“We greatly appreciate the efforts on behalf of both the Ohio House of Representatives and Ohio Senate, in addition to Gov. Strickland, to enact this legislation,” says Dick Isler, executive vice president of the Ohio Pork Producers Council. “Our hog farmers appreciate the opportunity to have livestock regulations for Ohioans stay in our state.”


April 28-29, 2010: Animal Agriculture Alliance 9th Annual Stakeholders Summit, Westin at the Westin Arlington Gateway Hotel
Arlington, VA; For more information contact: (703) 562-5160 or

Memphis, Tenn; For more information contact: alan Duttlinger at (765)-463-3594 or

May 16-19, 2010: Alltech's 26th International Animal Health and Nutrition Symposium,
Lexington, KY; For more information contact:

It’s Expo time! Thousands of producers and industry professionals from all over the world will be in attendance. Don’t miss three jam-packed days of learning, networking and training plus discover the latest trends, products and innovations. And, don’t forget the fun — click here for all the details!


The news reports announcing the discovery of the H1N1 Flu Outbreak Virus on April 24, 2009 increased the urgency for proper biosecurity measures in hog operations. Producers continually face the challenge of managing the biosecurity of pigs, people, packages and pests as they redouble efforts to stave off costly swine diseases and retain their access to pork markets in this age of economic uncertainty. Click here for the complete Blueprint archive.

Our breeding technology is delivering what your operation demands, high production results across a wide range of environmental conditions. Count on the industry leader. Go to the trusted source.Click here for more information.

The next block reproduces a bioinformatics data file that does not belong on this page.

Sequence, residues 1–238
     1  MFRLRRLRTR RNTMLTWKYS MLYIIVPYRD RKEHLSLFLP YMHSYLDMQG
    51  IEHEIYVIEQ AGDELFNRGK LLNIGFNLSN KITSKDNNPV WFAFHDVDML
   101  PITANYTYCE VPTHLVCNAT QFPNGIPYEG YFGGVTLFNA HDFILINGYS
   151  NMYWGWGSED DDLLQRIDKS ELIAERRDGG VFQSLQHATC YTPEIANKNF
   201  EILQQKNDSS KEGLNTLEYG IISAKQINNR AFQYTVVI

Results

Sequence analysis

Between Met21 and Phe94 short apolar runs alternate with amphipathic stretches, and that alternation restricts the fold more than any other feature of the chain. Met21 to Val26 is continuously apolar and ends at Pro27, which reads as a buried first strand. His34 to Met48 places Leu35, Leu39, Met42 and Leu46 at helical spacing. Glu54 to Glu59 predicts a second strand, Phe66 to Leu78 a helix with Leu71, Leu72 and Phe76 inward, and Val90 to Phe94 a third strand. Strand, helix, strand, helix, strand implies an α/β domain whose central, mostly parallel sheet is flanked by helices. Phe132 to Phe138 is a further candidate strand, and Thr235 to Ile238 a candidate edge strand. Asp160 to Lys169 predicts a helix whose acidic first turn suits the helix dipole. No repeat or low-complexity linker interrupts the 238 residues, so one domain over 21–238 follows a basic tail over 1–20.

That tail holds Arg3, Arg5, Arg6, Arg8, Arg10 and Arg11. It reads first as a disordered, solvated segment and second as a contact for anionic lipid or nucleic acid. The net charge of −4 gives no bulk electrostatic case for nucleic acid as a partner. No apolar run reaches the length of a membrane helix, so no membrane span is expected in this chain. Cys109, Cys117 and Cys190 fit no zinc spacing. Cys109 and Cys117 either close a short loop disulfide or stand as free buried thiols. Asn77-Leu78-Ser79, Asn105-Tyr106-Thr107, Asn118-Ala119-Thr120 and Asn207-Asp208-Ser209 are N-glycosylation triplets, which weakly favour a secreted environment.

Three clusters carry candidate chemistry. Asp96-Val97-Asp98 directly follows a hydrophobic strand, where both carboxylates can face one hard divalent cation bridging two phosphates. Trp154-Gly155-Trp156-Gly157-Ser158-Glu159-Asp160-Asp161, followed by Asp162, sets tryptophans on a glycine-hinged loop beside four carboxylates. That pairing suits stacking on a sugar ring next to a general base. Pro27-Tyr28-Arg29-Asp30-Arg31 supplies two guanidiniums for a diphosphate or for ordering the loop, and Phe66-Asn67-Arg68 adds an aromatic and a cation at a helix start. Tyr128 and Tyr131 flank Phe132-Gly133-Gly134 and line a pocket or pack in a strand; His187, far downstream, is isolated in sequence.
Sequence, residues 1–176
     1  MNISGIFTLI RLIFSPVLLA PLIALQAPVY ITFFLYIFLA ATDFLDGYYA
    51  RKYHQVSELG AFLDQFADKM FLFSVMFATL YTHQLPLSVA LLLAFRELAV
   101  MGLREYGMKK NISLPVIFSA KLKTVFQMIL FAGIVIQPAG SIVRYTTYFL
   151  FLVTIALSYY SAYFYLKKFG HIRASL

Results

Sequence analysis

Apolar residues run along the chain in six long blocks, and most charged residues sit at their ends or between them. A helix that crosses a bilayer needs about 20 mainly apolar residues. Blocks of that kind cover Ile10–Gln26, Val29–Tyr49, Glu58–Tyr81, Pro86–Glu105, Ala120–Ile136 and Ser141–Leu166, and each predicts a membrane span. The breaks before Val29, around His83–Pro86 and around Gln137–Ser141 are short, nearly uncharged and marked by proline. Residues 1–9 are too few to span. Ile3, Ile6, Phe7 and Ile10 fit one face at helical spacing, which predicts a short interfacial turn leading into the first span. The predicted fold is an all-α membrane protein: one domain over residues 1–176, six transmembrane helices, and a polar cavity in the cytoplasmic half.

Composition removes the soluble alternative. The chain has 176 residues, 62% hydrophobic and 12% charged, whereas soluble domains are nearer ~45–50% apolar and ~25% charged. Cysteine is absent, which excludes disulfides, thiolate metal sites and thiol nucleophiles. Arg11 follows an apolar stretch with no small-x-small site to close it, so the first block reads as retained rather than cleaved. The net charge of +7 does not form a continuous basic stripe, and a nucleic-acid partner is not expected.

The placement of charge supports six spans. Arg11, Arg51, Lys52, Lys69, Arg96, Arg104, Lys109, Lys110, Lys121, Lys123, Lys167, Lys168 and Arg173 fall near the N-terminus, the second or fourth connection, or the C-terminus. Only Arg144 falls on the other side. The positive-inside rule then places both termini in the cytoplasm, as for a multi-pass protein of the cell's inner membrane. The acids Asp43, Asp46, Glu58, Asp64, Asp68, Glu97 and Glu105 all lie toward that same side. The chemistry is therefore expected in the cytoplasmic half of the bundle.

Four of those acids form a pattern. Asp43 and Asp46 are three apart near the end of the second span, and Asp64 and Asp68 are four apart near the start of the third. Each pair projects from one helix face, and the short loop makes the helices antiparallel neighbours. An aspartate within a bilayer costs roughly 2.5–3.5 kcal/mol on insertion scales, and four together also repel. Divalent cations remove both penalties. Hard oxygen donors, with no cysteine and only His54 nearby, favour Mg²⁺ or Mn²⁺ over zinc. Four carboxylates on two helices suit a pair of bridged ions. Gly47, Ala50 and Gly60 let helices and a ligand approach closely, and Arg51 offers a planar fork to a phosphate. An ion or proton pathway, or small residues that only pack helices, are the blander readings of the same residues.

This Month's Focus: Air Quality
Peeling Away the Layers of Pork's Carbon Footprint
Pork Checkoff's Life Cycle Assessment of greenhouse gas emissions is entering the final phase and the outcome will be a producer-friendly, greenhouse gas prediction tool.
Evaluating Biosecurity Risks During Feed Transport
Links in the feed processing and delivery chain identify disease prevention challenges and opportunities.
Food Safety Expert Counters Katie Couric's Claims
Key facts discount comments made on antibiotics segments aired last month.

Social Networking For Pork Industry Professionals National Hog Farmer content is available on Facebook, a social networking tool increasingly used by pork industry professionals. Interact with readers and editors, participate in discussions and keep up-to-date with industry happenings. Become a fan of National Hog Farmer!
National Hog Farmer is also on Twitter, a micro-blogging site that provides brief status updates on people, groups or organizations. Users can "follow" people or groups, including news organizations that they want to keep up-to-date with. Follow National Hog Farmer on Twitter!


National Hog Farmer offers 10 posters targeting key production areas, offering guidance in critical areas such as feet and leg soundness and reproduction traits soundness in replacement gilts. Others include pig anatomy, heat detection, sow condition, etc. All posters are in English. Select posters are translated to Spanish, Chinese and Japanese.


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Join thousands of your peers for three days of learning, networking, training and fun at the 2010 World Pork Expo. From the world’s largest pork-specific trade show and America’s Best Genetics Alley to lunch at the Big Grill, it’s all at the Iowa State Fairgrounds June 9–11. Click here to register.